Tim Smiser of Blue Sky Cloud Consulting helps his clients design APIs with these issues in mind. Your APIs might be created from scratch, known as greenfield development, or you may be working on a modernization process based on legacy code. Smiser's approach integrates new and legacy APIs with various cloud technologies.
Adapt to Diverse User Needs
With "programming" right in the middle of the acronym API, you could be forgiven for thinking that the use of APIs is mostly limited to software developers. However, the need to work with APIs clearly extends beyond the world of developers, as this HubSpot blog post on APIs for marketers points out. As well, many decision-makers in the tech world are not developers and may never have been developers.
Consultants like Matthew Reinbold focus on ensuring that APIs and related technologies are integrated throughout a company's culture and aren't simply esoteric tools for developers. In addition to writing the informative Net API Notes newsletter, Reinbold is heavily involved in the tech community, publishing frequent articles and regularly appearing on industry podcasts.
Take the Next Step
Now that you have a better idea of what's available, you're better prepared to hire a consultant to help with your business goals. Once you've chosen a consultant who seems right for your business, you'll want to keep a few strategies in mind to ensure a successful relationship:
- Communicate honestly with your consultant. They're the experts in their areas, but you're the expert on your business. Don't hesitate to speak up if something doesn't seem right to you. Part of a consultant's job is to ensure the client understands what's happening at every stage of the process, and that's especially important in this domain, where the client often ends up with ownership of the resulting products.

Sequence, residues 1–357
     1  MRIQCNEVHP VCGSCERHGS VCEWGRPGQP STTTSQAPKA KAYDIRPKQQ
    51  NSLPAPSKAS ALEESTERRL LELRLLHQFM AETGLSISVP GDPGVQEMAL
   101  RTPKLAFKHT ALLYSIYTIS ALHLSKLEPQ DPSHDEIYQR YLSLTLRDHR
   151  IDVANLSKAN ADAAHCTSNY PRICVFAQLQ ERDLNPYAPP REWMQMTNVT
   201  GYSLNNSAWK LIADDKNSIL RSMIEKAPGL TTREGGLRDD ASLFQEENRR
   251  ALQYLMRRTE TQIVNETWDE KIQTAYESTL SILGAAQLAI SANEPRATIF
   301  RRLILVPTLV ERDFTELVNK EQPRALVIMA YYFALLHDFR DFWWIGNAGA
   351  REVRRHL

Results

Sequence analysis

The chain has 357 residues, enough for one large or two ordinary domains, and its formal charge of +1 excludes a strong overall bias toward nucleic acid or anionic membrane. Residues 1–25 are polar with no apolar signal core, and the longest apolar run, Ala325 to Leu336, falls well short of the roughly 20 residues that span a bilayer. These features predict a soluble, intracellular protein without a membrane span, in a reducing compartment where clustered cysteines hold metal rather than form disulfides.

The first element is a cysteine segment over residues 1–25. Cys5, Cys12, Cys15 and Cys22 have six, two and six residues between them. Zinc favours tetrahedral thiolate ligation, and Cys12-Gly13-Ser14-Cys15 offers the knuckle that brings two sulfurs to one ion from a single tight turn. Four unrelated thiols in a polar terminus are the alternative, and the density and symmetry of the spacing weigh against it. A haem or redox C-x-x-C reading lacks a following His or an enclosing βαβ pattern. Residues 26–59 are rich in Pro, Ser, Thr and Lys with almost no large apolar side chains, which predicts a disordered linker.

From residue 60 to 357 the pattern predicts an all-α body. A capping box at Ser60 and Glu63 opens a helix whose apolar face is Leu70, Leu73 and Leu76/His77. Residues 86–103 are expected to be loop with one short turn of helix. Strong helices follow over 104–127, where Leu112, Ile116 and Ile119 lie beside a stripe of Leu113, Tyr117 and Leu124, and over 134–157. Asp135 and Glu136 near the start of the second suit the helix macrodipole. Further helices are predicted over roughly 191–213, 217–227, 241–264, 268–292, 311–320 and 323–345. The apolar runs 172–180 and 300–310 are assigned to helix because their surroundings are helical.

- Document your results and act accordingly. The previous article in this series discussed the importance of early defining success. Once you have enough data to see how well your results align with your expectations, you can see if you need to make any adjustments to your approach or even your key performance indicators (KPIs).
- Avoid scope creep. As important as setting clear expectations at the beginning is, keeping expectations at a manageable level throughout the project is equally important. Even after initial success, you want to resist the temptation to change too many things too quickly.
Now that you know more about what you can expect from an API consultant and the expertise that's available on the market, the next step might be to hire a consultant for your business. With the right planning, working with an API consultant can be a fruitful collaboration for all involved throughout the project.
Consultants mentioned in this article that may be able to help you with API consulting services:
- Mike Amundsen, Amundsen.com
- Claire Barrett, APIsFirst
- Matthias Biehl, API University
- Matthew Reinbold
- Tim Smiser, Blue Sky Cloud Consulting
- Erik Wilde, Good API